The end of a story twelve years in the making
Kazuma Kiryu's story is over. The realisation hit me like a punch to the gut followed by a slow-motion, glowing, blue-flamed kick to the side of the face. When Sega announced that Yakuza 6 would be the final chapter for Kazuma Kiryu, the main star of the Yakuza series for seven main chapters now, expectations were high among Yakuza fans. There's been heated debate about how successfully his departure from the series was handled, but I think it was perfectly judged; a fitting tribute to the man himself, and a lesson for other game series that dropped the ball on their final chapter.
Uncle Kaz has been in my life for twelve years now. In 2006, on a portable TV in the kitchen of my university flat, I witnessed the beginning of his fascinating and labyrinthine arc. At the very beginning of Yakuza, he makes the decision to take the fall after his best friend murders the Dojima family boss. It's a sombre beginning; Kiryu stands holding a gun, his face stricken with sadness as he contemplates the people he has to say goodbye to after making his decision to go to prison.
From these opening moments onwards, I was hooked on his story.
The reason Kazuma Kiryu is so compelling is because he transcends the "gangster with a heart of gold" stereotype. At every major point in the Yakuza series, Kiryu's decision is always to take the path of most resistance (usually dozens of angry men who are about to get their faces smashed into the ground) towards the best outcome for the people he cares for. In a series known for its melodrama, twists and turns and conniving, scheming villains, Kazuma Kiryu always stands firm as an unwavering and utterly dependable force for Doing The Right Thing. He's predictable, but that's what makes him work so well.
It also helps that Doing The Right Thing always involves punching guys (or tigers) in the face, a major plus point for a video game character.
However, after six chapter in the Yakuza series (1-5 plus the 80's set prequel Yakuza 0) Sega made the decision to change things drastically for Yakuza 6. As the game continues on, the over-the-top melodrama the series is known for starts to become less prominent, and the game focusses inwards on Kiryu himself; it's a less epic tale than previous games in the series. I think this is why some series fans have felt shortchanged by Yakuza 6; they went in wanting a big celebration of everything the series has had in it up to this point, but received something a bit more low-key. Relatively low-key anyway; there's still a fight involving a helicopter and one major plot reveal that caused me to genuinely laugh out loud.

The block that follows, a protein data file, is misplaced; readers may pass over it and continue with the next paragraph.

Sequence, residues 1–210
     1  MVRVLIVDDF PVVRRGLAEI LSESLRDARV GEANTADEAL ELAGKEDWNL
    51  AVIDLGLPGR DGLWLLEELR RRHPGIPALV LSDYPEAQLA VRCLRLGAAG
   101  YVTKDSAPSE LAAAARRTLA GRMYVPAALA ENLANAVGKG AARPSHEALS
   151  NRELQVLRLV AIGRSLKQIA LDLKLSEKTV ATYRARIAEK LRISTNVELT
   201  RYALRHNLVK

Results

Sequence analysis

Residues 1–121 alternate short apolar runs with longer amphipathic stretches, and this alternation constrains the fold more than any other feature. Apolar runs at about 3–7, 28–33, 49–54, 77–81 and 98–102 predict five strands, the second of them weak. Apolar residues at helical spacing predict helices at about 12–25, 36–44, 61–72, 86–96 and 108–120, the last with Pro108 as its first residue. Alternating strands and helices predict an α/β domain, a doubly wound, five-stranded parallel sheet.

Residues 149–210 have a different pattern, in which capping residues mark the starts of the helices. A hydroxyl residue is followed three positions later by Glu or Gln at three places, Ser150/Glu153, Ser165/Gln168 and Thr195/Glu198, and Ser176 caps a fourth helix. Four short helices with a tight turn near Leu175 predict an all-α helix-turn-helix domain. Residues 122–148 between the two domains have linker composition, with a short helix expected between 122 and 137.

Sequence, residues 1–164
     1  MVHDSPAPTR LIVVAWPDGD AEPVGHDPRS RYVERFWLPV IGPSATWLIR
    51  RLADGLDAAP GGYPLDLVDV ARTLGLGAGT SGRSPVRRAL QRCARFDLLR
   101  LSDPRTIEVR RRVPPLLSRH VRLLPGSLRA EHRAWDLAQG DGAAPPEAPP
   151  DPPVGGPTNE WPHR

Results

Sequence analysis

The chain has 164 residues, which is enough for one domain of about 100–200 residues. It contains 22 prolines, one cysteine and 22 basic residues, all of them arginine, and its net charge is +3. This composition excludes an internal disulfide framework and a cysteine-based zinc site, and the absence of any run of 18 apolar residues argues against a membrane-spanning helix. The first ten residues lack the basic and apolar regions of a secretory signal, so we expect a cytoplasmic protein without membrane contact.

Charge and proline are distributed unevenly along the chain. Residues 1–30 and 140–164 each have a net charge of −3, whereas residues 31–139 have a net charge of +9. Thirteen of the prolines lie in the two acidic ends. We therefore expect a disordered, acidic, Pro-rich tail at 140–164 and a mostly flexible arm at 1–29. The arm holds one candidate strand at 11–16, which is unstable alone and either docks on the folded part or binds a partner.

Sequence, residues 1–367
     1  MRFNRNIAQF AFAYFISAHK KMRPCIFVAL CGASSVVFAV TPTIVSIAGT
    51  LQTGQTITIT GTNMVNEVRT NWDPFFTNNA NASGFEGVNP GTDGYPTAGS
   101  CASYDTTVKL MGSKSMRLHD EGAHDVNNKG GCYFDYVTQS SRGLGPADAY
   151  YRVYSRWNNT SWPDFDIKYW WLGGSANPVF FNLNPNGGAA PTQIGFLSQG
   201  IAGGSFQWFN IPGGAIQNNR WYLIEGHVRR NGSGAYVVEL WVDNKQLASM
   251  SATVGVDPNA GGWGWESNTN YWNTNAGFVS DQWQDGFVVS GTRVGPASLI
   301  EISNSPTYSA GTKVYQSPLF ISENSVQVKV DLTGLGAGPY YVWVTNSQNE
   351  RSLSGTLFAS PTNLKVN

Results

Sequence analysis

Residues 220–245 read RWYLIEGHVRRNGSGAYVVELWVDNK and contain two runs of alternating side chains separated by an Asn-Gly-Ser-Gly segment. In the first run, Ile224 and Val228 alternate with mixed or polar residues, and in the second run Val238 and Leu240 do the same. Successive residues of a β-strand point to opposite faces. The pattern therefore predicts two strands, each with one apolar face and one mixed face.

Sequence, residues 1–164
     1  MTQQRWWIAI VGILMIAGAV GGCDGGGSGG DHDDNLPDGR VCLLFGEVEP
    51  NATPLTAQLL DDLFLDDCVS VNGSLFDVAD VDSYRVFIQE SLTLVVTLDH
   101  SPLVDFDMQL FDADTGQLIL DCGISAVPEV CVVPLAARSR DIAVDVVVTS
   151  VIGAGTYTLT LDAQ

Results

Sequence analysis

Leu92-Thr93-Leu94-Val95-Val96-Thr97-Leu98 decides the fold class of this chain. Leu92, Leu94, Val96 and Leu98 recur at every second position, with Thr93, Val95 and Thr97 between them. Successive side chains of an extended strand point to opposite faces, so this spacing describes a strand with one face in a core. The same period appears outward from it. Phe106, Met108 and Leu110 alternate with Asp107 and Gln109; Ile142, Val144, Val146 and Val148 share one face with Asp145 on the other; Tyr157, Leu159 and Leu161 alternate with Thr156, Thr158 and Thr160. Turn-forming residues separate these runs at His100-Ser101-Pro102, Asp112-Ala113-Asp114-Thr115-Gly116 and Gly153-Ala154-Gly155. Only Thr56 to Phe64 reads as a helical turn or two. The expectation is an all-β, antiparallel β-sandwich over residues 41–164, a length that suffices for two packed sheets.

There are two main reasons why Yakuza 6 works so well for me. The first is simple: Kiryu has more agency in this story than he has had in a long time, arguably since he made that fateful decision to take the fall for Dojima's murder at the very beginning of Yakuza. In his final chapter, Kiryu acts rather than reacts. He decides his destiny and drives the plot forward with his actions, where in previous games he sometimes seemed to just go along for the ride.
Some of his decisions are rash and ill-advised, but to him they are the right thing to do. Right at the start of the game, he decides to take Haruto into his own care, fully aware of the legal ramifications, and his decision leads straight into one of the series' best and most hilarious fights.
The other main reason Yakuza 6 works so well is that it has grown up. The series has always been made for adults; it's violent and indulges in its red-light district setting. There have been many bloody and gruesome moments in the series, but they've always felt like a very high budget soap opera.
In Yakuza 6, however, the feeling I started to get towards the end of the game wasn't of soap-operas or TV dramas, but much more adult frames-of-reference. Korean revenge cinema, with its twisted and sadistic scenes of violence, and sheer cruelty exhibited by its villains (and sometimes heroes too...) was a much more accurate simile. The main villain of Yakuza 6 is seen by fans as a cop-out; a poorly judged surprise and ultimately a disappointment. For me though, he's the most dangerous that Kiryu has ever faced.
There's one scene in particular, after a boss fight that recalls the bloodbath at the end of A Bittersweet Life, which is probably the cruelest moment in Yakuza series history; a moment that would have previously been portrayed as noble, emotional sacrifice in other Yakuza games, but here was simply shocking in its violence and the desperation of the participating characters. It cemented the sheer threat of the main villain, and was a clear indication that the writers had really stepped up and delivered an ending befitting Kazuma Kiryu.
Other series should take note. Where Metal Gear Solid 4 ended Solid Snake's story with a confusing mess that tried to tie up every loose end, Yakuza 6 focusses on its main star. Where Uncharted 4 basically gave Nathan Drake his cake and had him eat it too, Yakuza 6 has the bravery to ask Kazuma Kiryu to decide his fate and see through his decision with conviction.
I'll never forget my time with Kazuma Kiryu. For twelve years he's been the video game character I most look forward to revisiting as new chapters in his story are released. Now I'm looking forward to never seeing him again.